I have no idea what the story behind the name THE DEVILS OF LOUDON is all about but as a band name it works wonders. You just gotta know more about it. Answers by Ben Velozo. Anders Ekdahl ©2016

Was it hard to come up with a name? What does the name mean to you?
-Originally, it was hard to settle on a name everybody liked. Our first singer suggested the name and after we familiarized ourselves with the story and some of the work that already surrounded it, it was agreed that this was the best name that wasn’t taken.

Who would say have laid the foundation for the kind of sound you have?
-The credit for our sound goes entirely to Scott Hermanns. He is the composer / songwriter for the band and has the final say on sound going forward. His vision and creativity makes what you hear reality.

When you play slow do you have to think differently arranging the music than if you play faster and vice versa?
-We certainly bring a different approach to slower sections than faster ones. You might notice more chords versus frantic riffage, respectively, but the primary goal is to build a song that flows together, or one that “makes sense.”

Will your music work in a live environment? What kind of stage environment would best suit your music; a big stage or a small club?
-Our music works live, according to those who come and see us. The universal factor between what suits our sound is whether or not a club can accommodate our sound. This comes down to the sound engineer and what he has to work with. Sometimes the clubs are big, sometimes they are small.

Everybody seems to be disappointed with something once they have released a recording. What would you have liked done differently the last time around?
-We really are the kind of people who will listen to something we made and never be satisfied with it. Personally, I wish we had taken more time to record this latest release so that we could’ve moved a little slower, but this is offset by the feeling that our release quality has improved since the last one.

Is it hard to reach out to all those that might be interested in your music? What alleys have you used to get people familiarized with your band?
-We primarily use our live sets and social media to interact with people. It can be difficult gaining access to different areas, but once we have our foot in the door, we’ve noticed that we can usually generate a following. Lately, we’ve been getting a massive signal boost from review sites and webzines, as well as the local radio metal segment, Metal Shop on 99.9 FM KISW Seattle. We’re certainly getting a lot more traffic on our Facebook and Bandcamp pages, so we’re going to keep pushing and churning out new material to keep things fresh.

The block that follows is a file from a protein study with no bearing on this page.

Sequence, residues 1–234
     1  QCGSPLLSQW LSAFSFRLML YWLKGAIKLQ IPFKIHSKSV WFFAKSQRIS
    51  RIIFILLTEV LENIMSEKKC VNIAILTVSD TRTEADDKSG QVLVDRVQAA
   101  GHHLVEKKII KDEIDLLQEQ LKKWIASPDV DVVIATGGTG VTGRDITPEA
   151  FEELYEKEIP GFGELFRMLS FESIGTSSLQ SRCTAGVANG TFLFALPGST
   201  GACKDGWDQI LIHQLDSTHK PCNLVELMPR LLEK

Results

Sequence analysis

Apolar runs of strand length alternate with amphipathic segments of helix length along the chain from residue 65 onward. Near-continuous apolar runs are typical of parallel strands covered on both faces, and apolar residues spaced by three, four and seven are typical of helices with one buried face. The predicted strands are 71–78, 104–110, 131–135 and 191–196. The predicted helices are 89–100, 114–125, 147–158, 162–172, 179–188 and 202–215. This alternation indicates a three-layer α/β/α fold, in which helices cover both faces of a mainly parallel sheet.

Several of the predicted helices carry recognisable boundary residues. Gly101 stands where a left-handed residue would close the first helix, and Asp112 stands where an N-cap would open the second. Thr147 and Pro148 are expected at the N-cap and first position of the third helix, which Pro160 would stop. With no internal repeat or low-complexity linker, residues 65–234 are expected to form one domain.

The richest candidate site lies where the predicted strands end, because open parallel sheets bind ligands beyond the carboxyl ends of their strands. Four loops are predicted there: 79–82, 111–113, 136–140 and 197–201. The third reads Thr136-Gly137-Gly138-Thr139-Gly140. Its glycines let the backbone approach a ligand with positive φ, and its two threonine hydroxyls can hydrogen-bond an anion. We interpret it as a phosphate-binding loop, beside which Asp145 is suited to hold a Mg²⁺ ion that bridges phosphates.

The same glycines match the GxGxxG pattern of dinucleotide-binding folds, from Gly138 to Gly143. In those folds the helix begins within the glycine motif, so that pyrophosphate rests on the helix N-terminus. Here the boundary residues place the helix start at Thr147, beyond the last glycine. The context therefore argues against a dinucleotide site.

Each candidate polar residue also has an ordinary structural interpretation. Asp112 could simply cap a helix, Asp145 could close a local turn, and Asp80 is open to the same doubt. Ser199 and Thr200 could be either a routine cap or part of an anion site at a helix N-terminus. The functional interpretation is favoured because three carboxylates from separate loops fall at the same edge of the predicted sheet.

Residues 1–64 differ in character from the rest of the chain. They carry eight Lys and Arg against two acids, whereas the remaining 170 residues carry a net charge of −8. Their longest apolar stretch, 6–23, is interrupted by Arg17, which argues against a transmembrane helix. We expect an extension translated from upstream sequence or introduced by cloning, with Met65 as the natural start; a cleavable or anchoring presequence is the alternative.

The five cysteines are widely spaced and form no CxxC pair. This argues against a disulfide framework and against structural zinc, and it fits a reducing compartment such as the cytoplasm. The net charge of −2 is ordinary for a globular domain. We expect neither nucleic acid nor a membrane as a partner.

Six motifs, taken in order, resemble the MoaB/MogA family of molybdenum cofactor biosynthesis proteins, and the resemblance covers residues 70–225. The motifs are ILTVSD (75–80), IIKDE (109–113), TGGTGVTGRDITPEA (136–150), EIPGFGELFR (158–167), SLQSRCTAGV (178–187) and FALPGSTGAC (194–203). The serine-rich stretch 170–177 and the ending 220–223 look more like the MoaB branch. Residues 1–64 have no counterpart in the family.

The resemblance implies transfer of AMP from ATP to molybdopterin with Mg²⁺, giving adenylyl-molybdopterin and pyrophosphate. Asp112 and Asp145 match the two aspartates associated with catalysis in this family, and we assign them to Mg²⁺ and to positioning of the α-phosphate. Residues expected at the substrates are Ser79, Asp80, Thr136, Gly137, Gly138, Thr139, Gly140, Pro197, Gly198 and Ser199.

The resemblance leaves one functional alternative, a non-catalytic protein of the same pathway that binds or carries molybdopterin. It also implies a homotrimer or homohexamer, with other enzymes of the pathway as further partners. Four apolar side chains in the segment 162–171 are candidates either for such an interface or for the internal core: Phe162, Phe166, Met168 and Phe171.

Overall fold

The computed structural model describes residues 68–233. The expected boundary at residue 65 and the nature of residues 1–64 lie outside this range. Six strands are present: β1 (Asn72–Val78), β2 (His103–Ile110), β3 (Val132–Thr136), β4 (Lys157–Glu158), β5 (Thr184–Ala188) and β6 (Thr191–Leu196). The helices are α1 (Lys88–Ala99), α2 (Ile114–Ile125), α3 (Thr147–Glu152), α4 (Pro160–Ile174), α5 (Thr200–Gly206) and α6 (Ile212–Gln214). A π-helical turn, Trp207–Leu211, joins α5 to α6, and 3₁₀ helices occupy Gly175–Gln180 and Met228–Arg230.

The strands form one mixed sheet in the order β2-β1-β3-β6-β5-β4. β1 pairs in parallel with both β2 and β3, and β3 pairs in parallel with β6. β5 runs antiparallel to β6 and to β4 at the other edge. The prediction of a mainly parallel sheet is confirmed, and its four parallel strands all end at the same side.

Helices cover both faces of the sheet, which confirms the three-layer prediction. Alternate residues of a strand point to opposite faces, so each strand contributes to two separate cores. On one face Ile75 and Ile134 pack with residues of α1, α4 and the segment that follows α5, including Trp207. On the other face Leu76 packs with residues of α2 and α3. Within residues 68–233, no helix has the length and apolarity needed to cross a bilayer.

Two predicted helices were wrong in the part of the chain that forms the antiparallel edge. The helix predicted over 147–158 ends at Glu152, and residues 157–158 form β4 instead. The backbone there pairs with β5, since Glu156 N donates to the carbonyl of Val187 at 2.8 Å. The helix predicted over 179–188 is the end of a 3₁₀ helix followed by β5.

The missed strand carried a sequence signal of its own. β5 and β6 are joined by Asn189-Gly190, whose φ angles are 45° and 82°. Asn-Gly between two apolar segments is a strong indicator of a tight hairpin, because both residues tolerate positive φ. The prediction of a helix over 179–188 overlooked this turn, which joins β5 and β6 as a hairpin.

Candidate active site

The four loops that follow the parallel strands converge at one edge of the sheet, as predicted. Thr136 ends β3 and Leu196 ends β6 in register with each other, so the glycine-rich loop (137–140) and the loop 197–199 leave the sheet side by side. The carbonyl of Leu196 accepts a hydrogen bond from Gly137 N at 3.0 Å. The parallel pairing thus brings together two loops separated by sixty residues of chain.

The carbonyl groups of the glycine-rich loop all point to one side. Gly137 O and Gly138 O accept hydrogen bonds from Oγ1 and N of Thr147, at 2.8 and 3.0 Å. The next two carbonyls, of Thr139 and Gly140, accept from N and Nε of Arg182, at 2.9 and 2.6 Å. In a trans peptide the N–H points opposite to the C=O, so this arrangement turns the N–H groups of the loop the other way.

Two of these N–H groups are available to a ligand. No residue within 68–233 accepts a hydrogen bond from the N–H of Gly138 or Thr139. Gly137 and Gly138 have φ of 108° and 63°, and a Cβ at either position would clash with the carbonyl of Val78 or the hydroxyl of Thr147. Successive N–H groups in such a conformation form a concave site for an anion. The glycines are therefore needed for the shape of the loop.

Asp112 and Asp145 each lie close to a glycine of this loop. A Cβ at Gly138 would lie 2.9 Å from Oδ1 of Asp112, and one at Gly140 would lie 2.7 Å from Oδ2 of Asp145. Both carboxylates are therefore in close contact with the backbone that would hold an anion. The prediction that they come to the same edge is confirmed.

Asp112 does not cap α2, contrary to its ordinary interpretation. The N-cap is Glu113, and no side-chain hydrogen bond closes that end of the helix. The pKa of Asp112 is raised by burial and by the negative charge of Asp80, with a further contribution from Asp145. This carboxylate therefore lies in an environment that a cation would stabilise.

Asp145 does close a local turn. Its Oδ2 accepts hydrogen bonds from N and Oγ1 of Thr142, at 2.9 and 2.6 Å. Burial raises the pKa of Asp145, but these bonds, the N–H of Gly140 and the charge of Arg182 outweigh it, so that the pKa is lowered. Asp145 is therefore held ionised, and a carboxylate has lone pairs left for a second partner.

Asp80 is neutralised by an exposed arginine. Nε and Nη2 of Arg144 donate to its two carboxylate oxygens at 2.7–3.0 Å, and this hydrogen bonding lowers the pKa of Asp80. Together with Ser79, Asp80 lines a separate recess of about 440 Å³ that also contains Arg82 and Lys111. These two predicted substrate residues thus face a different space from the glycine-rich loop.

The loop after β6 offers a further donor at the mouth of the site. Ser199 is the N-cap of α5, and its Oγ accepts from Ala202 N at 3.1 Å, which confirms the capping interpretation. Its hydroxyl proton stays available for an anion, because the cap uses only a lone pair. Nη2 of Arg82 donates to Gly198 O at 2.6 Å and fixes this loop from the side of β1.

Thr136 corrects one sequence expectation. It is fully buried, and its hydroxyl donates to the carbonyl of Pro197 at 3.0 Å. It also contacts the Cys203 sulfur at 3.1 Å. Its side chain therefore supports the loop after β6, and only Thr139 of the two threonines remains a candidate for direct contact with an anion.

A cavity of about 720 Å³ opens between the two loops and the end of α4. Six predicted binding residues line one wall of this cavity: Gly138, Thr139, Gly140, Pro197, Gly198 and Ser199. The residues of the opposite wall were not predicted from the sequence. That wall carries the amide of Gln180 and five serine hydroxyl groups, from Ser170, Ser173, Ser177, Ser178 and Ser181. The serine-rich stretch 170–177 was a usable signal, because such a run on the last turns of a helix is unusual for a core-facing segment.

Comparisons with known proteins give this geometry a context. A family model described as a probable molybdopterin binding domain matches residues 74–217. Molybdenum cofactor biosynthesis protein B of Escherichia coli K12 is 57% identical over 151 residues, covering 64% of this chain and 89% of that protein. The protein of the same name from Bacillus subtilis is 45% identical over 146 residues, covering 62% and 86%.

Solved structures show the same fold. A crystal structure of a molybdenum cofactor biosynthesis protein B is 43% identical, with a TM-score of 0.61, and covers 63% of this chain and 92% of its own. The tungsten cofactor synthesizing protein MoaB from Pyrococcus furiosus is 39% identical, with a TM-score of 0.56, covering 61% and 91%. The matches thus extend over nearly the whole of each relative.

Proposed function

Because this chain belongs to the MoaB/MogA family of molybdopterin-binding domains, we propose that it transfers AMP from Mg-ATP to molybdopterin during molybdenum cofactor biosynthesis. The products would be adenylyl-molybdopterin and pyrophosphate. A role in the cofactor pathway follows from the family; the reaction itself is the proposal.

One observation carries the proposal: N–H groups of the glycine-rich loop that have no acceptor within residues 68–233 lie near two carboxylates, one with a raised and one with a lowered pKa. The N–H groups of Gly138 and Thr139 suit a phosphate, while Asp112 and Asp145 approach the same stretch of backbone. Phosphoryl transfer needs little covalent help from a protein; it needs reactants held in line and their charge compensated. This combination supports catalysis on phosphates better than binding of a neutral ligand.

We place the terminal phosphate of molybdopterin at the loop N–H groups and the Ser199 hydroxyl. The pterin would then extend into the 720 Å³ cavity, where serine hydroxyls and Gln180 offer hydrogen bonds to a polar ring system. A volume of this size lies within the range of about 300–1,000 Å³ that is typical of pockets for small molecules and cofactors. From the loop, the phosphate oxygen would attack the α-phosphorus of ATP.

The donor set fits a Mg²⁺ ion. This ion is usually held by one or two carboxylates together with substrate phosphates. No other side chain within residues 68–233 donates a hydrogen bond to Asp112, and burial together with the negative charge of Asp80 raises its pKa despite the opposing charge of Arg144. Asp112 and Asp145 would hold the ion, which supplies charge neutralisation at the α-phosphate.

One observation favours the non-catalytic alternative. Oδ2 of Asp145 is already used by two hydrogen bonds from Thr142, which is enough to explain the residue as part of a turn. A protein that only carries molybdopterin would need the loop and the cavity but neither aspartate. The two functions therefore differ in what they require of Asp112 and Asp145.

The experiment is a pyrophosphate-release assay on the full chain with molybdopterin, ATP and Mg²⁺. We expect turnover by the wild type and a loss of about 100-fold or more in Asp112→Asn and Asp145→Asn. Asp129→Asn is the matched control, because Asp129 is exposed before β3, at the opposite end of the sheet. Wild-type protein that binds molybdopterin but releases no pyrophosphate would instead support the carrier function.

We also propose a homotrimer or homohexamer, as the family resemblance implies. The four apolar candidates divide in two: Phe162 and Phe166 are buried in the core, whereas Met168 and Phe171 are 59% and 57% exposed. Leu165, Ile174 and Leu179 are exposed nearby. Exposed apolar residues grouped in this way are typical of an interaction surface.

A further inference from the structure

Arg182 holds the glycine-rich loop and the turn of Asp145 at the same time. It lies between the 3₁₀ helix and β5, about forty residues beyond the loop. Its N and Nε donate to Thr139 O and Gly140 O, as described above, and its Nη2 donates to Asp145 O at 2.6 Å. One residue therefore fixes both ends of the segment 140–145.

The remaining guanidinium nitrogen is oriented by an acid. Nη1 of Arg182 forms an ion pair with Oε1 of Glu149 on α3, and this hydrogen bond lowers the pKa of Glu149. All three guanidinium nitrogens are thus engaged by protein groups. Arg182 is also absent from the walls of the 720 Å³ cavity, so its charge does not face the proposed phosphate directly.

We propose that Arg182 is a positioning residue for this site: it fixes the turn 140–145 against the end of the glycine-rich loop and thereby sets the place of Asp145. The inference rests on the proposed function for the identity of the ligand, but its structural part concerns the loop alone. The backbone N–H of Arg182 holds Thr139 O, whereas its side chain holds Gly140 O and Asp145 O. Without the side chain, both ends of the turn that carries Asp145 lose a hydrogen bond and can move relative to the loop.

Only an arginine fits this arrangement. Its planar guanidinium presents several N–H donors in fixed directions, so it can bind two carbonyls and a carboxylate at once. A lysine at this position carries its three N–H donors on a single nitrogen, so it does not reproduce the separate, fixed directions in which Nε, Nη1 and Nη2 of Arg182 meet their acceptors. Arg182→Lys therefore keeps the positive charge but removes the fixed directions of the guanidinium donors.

What to you is a great front cover? What should a cover have to make it great?
-The crucial things you need to make a good front cover is some good quality art that somehow embraces what you envision to be the feeling of your sound. You need your band name and the release title to be easily understood and somewhat unique. Other than that, whatever you use to print those covers needs to be consistent and reliable. You get what you pay for.

Do you feel that you are part of a national scene? What is the climate for music in your country?
-We would like to be a part of a national scene. We’ve got a good community of bands in our area, as well as along the Western U.S. who are a pleasure to perform and work alongside. We would describe ourselves as in the regional stage, and we’re building connections and inroads to the rest of the country. The U.S. is a big country, and the climate varies depending on where you go. Seattle has its own sound, California has its own sound, Florida has its own sound, Texas has its own sound, so the climate is very similar to the country. It’s different depending on where you go. Some places have gotten a little slower, lately, other places metal is more alive than ever before.

How do one promote oneself the best possible way?
-The best way to promote yourself is to have a good sample of your music available online in an easy and nearly universal platform to use. We used to use MySpace, now we use Facebook along with Reverbnation, Bandcamp, Instagram, Twitter, YouTube, and I am undoubtedly forgetting a few things. The reason this is the best way to promote yourself is because a free and easily accessible sample requires no commitment for someone to look at. If they don’t like it, there is no cost to them, but if they do like it, they can easily find the means to get more from that approach. Other than that, having a good live set and a radio friendly song or two is a solid booster.

What does the future hold?
From what little we can see of our future, we know there are going to be more tours heading towards more places we haven’t been to yet. We know there are more CDs, the looming specter of a full length album is out there. We plan to keep coming up with new merch designs, and we intend to keep doing this for the foreseeable future. We’re playing with WRVTH on May 2nd, and Gorod on June 9th in Seattle, Washington.
Thank you for your interest in the band and we appreciate your willingness to reach out for this interview.

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